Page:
by Umar Farooq
Vix gauge – which measures the expected short-term turbulence of the S&P 500 and doubles as a fear index – heading for its lowest closing level in over two decades. Vix has fallen to just 9.84 today, which if maintained would be the lowest closing level since December 1993. Earlier on Monday it touched a low of 9.72, which is the most subdued intraday low since early 2006. The European Vix equivalent has also tumbled today, to its lowest since March.
This is what happens when markets trend lower for a while. In all three examples when the VIX went below 10, markets were more than five years into recoveries from major plunges: The 1987 crash, the dot-com implosion in 2000 and the financial crisis in 2008-09. In each of these cases, markets afterward rose double-digit rates for a good long while as the VIX fell.
Specifically, this would be the fourth time ever that the VIX has closed below 10 after at least a month above that level. The last time this happened was in January 2007, which marked the second time in two months for a signal, which also flashed in November 2006. The only other signal went off in January 1994.
“With stocks powering ever higher—the Nasdaq Composite hit another record last week—it would be easy to imagine that the good times will last forever. But the CBOE Volatility Index, or VIX, often called the fear index which is the one indicator that has often been a good contrarian signal has been urging caution. Returns for the S&P 500 index have been positive between one and three months after the VIX previously hit low levels, says David Rosenberg, Gluskin Sheff’s chief strategist. But over a one-year horizon, returns have been negative, whether measured on a median or mean basis. The one-year return for the 2007 reading was negative 7.33—the worst of all 14 instances when the VIX closed below 10.11 level. On average, the one-year return in these 14 cases was negative 1.38%, far below the 7% annualized return of the S&P 500 index since 1990.” barrons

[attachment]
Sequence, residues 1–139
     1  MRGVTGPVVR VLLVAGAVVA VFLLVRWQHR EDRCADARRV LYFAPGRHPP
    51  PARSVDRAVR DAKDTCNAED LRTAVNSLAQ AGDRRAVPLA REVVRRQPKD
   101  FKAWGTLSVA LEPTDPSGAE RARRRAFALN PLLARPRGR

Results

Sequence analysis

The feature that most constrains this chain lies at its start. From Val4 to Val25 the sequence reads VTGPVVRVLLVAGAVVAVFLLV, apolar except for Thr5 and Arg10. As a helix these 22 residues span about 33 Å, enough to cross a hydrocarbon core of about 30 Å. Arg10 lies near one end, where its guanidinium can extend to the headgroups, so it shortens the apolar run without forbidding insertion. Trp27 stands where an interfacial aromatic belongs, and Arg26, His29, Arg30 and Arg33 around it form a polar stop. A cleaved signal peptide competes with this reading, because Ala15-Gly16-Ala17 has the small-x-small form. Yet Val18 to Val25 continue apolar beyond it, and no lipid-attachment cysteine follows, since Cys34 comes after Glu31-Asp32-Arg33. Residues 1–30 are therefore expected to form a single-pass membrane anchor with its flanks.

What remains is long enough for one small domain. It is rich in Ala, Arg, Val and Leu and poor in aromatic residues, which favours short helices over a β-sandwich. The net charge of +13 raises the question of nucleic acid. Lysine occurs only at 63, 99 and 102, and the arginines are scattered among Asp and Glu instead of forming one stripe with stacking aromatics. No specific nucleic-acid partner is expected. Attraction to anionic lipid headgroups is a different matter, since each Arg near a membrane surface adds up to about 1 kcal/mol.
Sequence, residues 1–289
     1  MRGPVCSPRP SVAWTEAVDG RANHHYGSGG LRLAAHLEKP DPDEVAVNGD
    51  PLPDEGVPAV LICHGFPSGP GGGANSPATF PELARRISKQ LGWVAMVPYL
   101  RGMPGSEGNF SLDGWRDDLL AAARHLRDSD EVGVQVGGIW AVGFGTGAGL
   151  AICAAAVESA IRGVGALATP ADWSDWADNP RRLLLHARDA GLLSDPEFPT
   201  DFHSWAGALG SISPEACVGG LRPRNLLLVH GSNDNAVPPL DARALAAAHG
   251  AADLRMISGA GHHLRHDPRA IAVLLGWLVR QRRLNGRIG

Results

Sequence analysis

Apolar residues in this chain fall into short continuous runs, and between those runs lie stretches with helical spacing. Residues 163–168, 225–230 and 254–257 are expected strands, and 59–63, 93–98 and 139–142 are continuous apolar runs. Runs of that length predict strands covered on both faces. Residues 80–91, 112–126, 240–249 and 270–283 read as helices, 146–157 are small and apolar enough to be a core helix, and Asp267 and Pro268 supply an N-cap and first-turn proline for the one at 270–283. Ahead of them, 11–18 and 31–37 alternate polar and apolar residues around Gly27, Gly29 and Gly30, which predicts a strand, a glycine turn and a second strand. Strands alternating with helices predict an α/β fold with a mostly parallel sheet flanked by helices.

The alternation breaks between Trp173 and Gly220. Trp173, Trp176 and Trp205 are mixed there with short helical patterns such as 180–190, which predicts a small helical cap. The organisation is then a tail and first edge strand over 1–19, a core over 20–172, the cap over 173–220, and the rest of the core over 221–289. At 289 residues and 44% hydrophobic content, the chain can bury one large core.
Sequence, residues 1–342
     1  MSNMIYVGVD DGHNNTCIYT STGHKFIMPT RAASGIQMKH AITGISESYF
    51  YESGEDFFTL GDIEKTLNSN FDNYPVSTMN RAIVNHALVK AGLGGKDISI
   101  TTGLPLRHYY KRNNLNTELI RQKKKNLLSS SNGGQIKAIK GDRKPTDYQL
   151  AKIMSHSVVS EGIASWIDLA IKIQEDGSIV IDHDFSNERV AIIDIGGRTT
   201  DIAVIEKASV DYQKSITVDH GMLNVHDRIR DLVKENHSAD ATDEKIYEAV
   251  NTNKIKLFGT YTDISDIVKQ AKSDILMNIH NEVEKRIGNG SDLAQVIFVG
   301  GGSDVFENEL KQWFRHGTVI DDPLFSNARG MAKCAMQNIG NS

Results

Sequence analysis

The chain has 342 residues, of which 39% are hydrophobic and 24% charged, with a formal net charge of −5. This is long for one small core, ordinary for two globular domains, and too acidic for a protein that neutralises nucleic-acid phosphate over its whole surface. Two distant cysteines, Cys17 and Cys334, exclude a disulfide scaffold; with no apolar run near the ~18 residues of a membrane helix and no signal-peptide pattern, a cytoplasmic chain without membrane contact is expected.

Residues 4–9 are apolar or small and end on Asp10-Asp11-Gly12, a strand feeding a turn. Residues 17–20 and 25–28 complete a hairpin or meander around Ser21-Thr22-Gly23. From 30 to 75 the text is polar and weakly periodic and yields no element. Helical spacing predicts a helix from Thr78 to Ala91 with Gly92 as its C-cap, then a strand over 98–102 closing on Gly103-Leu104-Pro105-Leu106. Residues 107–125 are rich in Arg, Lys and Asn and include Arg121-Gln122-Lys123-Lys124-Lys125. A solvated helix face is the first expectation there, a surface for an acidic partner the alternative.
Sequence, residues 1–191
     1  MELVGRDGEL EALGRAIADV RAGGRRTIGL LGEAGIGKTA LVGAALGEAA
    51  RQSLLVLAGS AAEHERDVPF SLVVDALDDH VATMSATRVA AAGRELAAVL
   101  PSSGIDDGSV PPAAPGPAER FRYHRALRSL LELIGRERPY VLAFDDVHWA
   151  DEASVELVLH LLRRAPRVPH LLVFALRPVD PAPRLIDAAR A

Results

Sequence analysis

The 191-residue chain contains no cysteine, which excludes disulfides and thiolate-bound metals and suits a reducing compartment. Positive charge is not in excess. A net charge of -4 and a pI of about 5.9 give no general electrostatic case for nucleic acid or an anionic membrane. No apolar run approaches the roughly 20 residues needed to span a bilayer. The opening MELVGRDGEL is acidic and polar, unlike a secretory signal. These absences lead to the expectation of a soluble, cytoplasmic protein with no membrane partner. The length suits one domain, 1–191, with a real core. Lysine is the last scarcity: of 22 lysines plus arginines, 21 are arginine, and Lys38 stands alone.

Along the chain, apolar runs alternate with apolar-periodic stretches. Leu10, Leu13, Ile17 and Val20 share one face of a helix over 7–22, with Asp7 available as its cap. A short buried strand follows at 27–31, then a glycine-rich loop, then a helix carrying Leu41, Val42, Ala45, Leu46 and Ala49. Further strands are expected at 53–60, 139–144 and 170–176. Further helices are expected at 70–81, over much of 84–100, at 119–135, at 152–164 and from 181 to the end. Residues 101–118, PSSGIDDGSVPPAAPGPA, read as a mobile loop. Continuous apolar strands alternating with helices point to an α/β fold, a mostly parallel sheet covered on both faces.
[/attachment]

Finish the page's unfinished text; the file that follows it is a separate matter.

Nicholas Colas, chief market strategist at Convergex, cites 10 equity “puts” that help explain the low volatility and the march higher for U.S. and global equities. They include what some believe is the Federal Reserve’s refusal to let markets fall too much, and the expectation that President Donald Trump will get tax reform approved before the 2018 midterm elections.
In short, just because the index is plumbing 10-year lows this week does not necessarily mean that complacency has overtaken the market. If investors take the viewpoint that a big market drop is likely in the next 30 days, investors will pay more for options that would profit off of such a decline, and the VIX will rise in reflection of this “fear.” More generally, expectations of large market moves to either the upside or downside will send the index higher. Lack of volatility is viewed by many as a net positive, but at the extremes it can indicate that too much complacency has come into the market. When there’s no fear as to what the market may do, traders, investors, and even institutional participants can stray from, or “relax,” their risk management rules. This can lead to a frothy market environment, which can sometimes reverse course very quickly and rather violently.
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